Folklore, Myths, Legends, and Fairy Tales

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If anyone would like to help me set up these communities and/or mod, please get in touch. This place is what we make it and I’d love some fresh ideas. I mod a number of smaller science subreddits and would like to help make this place just as nice, if not better!


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For millennia, solar eclipses have inspired awe, wonder and fear. After all, it's not often that twilight descends in the middle of the day. And just as we plan for and anticipate their occurrence — like the total solar eclipse that will be visible to millions of North Americans on April 8 — ancient cultures across the world, from the Mayans to the ancient Greeks, developed their own mythologies and traditions around eclipses.

So what did these people think when they saw the sun darkening during the day?

On a surface level, people from ancient cultures knew exactly what they were looking at. "Anybody who pays attention to the sky would be well aware that the moon is blocking the sun," Anthony Aveni, a professor of anthropology and astronomy at Colgate University in New York, told Live Science. But the significance of that event would have been very different to ancient peoples. "Cultures other than our own, both present and past, had a very different take on the natural world," Aveni added.


In 1897, one Mr Burgess, the Clerk of Works at Oxford University, donated two shrivelled potatoes to the Pitt Rivers Museum. He usually kept them in his pockets. They were the ultimate “jacket” potatoes.

The Pitt Rivers Museum in Oxford is dedicated to categorising and displaying a “democracy of objects” not according to time or nation, but according to human usage. Since the potato is fairly ubiquitous in human culture, it means there are many in the museum’s collection.

In addition to Burgess’s donation, 11 other wrinkled specimens are catalogued in the museum’s collections, and are neatly labelled. The names of the previous owners are usually not identified because most of the potatoes were stolen before they were donated.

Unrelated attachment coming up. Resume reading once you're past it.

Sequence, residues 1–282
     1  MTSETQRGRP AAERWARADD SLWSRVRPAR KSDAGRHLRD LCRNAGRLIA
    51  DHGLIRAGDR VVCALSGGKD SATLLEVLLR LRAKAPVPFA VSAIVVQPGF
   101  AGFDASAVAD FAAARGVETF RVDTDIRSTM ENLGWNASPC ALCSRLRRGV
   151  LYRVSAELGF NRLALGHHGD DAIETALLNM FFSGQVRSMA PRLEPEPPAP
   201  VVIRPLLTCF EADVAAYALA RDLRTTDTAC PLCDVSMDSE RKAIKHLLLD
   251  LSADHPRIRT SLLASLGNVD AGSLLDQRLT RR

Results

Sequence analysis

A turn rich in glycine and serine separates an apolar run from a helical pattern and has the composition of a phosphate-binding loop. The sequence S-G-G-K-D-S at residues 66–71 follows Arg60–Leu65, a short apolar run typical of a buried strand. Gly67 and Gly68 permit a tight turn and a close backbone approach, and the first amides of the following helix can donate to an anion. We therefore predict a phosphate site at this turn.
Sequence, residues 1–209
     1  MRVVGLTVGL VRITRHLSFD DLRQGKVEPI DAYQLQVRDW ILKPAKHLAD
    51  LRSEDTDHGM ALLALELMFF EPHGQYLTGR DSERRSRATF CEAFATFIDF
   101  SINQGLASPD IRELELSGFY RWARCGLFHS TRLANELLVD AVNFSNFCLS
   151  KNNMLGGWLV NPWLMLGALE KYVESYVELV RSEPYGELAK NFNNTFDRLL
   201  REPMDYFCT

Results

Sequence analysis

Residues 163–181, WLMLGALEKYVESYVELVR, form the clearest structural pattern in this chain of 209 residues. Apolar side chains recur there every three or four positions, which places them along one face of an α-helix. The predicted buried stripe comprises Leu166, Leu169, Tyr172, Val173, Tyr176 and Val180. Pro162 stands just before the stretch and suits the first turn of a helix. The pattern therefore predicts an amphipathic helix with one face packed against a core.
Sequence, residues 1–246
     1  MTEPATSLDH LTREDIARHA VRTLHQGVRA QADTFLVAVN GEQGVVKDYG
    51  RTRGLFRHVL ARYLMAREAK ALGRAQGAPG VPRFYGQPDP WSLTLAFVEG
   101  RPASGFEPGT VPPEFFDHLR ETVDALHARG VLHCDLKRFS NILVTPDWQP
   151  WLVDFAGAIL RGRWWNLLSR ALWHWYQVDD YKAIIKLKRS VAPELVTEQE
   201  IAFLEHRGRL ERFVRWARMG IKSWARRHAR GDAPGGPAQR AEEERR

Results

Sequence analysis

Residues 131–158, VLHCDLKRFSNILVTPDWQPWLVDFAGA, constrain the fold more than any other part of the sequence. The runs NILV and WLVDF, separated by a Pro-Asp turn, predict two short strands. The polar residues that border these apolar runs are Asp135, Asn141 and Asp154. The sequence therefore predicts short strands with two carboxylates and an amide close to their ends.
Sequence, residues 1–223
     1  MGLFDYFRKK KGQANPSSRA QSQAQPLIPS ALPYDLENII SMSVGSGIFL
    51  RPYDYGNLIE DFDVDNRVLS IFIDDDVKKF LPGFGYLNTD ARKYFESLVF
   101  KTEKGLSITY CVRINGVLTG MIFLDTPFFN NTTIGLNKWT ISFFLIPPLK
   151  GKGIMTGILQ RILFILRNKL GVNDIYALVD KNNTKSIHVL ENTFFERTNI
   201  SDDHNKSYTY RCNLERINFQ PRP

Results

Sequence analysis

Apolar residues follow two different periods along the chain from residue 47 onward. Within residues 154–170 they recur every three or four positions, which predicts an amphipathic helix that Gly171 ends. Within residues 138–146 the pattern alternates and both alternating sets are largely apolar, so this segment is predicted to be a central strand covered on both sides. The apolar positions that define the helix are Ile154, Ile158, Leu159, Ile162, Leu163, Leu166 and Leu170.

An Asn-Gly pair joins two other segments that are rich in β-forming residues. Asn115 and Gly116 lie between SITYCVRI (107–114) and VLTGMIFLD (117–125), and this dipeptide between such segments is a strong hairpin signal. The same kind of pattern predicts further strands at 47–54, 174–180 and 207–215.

But why would someone would want to steal a wrinkly potato? The answer is these were not just any purloined spuds. They were medical charms thought to be cures for rheumatism – and if they were stolen, they were thought to be even more effective.


I'm glad I discovered this Lemmy community!

I'd like to share my blog, called Godsip Club, where I like to share my findings about folklore, mythology and religion — I am no scholar, though! This is the link of the first article, a sort of introduction, which is about the book by Frazer. It is a tough reading (the book, not the article 😅), but I'd absolutely recommend it to all the fond of these subjects: it's available for free on Project Gutenberg!


cross-posted from:

Christmas time is upon us, and though children loathe getting new clothes for gifts, they best put on that new itchy sweater or slide on those unwanted socks. Or else risk being eaten alive by a giant cat, at least according to Icelandic folklore.

That's right. A child's worst nightmare — new clothes under the tree — could only be outdone by a somehow worse nightmare, being devoured by a ferocious feline that hunts down children caught not wearing their new clothes.

The tale of Jólakötturinn, which translates to Yule Cat, is an Icelandic Christmas classic dating back to at least 1932, according to the Icelandic Folklore website, a research project managed by the University of Iceland.

Jóhannes úr Kötlum, an Icelandic poet, wrote about the Yule Cat in his book, Jólin koma (Christmas is Coming), published in 1932.

Kötlum's poem tells the tale of a cat that's "very large" with glowing eyes. It roams the countryside, going from house to house looking for children who aren't wearing the new clothes they got for Christmas, according to the poem.

Memes of the Yule Cat have been making their way around social media, some are meant to be spooky, while others are a blend of fascination and satire.

"I am really fascinated by other culture's holiday traditions so shoutout to my boy the Yule Cat," one meme reads. "A monstrous cat who roams Iceland eating people who aren't wearing the clothes they got for Christmas."

The Yule Cat isn't the only sinister character that comes around Christmas.

Another European folklore character is Krampus, an anti-Santa demon that kidnaps and punishes naughty kids, according to Munich, Germany, hosts an annual Krampus run, which attracts hundreds of participants — and more spectators — every year.


The legend of the cock egg (
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On cats (
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